“For instance, when a small farmer takes his organic mooli (radish) to an urban market, the general public’s instinct is to go for a more white, bright, bigger version of the vegetable, which was grown using urea, as against the organically grown mooli which is misshapen and smaller. The farmer feels defeated and is pushed to switch to chemical farming in the absence of a market. He cannot experiment with his earnings. And so, the idea of our mandi is to give farmers like these the platform to sell their clean food. We do not charge them a penny. And it is an absolute delight to see urbanites interact with these farmers, know the story behind their food and see how it is grown. It helps increase respect for the food grower too,” says Aparna.
A group of passionate farmer chefs also prepare food from across India for large groups of visitors who like the taste of real India in a home-style setting.
“The most special aspect of our kitchen is that the people who make the food can tell its story, thus staying true to our tagline of khet se pet tak. (from the field to your stomach).”
Besides, children from cities are also allowed to interact with the animals on the farm at the Compassion Workshops held frequently.
Beejom has a special learning programme for groups of school kids and adults for experiential learning. Some activities include animal interactions, shramdaan (donation of labour), dung pot and log-making, seed ball making, along with teaching the use of chakki (flour mill) and silbatta (grindstone).
These visits are usually timed from 9 am-12 pm or 3 pm-6 pm through the week except on Saturdays, when slots are more flexible.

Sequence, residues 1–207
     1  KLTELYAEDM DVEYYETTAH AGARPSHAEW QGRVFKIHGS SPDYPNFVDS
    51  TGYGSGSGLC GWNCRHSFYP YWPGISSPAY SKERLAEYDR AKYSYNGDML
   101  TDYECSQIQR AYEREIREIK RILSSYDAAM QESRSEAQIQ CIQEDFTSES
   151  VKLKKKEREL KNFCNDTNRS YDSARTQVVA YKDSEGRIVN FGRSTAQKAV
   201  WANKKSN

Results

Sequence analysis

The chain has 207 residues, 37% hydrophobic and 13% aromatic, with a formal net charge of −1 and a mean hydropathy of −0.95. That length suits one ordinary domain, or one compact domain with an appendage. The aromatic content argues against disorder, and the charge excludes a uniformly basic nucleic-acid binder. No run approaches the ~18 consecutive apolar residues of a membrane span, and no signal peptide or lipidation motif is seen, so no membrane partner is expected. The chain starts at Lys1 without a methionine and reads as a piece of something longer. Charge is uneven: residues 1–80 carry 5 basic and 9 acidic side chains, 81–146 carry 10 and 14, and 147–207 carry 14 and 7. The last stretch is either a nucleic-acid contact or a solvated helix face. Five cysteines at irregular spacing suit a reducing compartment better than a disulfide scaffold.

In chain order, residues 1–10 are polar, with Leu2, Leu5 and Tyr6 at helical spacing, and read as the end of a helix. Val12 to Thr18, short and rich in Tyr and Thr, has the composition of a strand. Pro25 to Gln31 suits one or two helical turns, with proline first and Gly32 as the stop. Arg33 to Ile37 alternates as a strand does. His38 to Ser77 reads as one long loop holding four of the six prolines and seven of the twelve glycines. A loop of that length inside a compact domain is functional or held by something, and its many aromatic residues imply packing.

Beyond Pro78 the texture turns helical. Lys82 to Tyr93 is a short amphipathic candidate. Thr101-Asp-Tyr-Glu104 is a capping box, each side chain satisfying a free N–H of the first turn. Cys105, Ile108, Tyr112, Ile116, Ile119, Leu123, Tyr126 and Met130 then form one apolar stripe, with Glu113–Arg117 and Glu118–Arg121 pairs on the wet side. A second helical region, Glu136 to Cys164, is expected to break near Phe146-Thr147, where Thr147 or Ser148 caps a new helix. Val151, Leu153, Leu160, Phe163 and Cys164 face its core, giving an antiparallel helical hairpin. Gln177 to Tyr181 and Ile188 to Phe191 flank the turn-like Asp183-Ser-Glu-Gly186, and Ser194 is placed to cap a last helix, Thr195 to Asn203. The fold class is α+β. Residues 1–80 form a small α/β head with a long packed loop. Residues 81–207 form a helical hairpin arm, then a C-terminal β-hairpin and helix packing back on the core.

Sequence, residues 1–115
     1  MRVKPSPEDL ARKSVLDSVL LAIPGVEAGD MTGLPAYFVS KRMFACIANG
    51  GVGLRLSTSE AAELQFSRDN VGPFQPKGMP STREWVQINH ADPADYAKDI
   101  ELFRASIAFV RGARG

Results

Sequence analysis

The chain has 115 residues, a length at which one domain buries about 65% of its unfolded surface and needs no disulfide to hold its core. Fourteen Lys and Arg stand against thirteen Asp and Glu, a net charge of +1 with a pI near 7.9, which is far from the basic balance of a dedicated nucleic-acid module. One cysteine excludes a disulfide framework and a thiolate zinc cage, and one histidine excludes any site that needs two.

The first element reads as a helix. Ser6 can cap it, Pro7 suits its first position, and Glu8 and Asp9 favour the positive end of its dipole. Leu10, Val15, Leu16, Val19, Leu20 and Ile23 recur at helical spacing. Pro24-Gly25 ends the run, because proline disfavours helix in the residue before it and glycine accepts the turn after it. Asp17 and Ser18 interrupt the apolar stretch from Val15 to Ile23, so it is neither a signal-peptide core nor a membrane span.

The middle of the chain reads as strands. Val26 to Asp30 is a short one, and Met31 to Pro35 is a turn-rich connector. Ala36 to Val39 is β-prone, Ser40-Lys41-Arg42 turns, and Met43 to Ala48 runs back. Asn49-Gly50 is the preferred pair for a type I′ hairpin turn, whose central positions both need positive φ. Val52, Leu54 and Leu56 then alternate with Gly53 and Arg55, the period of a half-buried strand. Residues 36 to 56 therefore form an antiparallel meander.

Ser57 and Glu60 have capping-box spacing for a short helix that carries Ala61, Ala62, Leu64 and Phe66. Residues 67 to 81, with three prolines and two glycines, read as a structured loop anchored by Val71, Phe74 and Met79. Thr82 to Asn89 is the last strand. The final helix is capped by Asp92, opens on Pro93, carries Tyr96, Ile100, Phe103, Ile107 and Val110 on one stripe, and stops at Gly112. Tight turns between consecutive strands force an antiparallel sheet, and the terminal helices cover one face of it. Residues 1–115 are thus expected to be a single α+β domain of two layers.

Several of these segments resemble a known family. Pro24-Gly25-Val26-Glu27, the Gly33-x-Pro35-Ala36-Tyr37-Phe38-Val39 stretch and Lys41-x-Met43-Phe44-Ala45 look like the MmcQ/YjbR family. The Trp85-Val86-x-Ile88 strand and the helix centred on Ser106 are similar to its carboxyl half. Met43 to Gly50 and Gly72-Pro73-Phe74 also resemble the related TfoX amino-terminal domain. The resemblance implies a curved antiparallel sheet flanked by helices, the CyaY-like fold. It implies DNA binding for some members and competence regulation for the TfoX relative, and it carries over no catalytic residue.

Apart from selling their produce at melas, they also have a zero-packaging kirana dukaan.
This eco-friendly store in Noida’s Sector 51 stores all its grains in steel dabbas and also sells alternative products like steel straws and sugarcane crockery.
Following the tagline, Beejom believes in adding value to most crops they produce.
“At Beejom, we add value to our produce by processing it into organic products. While mangoes from our orchard are used to make pickles, aam papad, amchur powder; moringa is used to make moringa powder; and sugarcane is turned into jaggery; while celery and mint are used to make salts. We also have curry leaf powder and neem powder. It is an irony that while our farmers know how to grow most crops under the sun, they are not entrepreneurs. This is a skill they need to adopt.”
Their products are tested, and the produce is sold in Noida to reduce carbon footprints. Aparna adds how they are now experimenting with growing cotton and indigo, and hope to produce cloth one day.
She bid adieu with a message for aspiring organic farmers. “Farming is people-oriented. It isn’t a job or a career, but a journey. Even if you cannot take it up on a large scale, start small, from your apartment or colony. There are several options like teaching composting in your community, and growing food on your terrace or community space. Don’t hesitate to share your knowledge. It is only when we all join hands, that we can spark a revolution and ride a wave of change.”
(Edited by Shruti Singhal)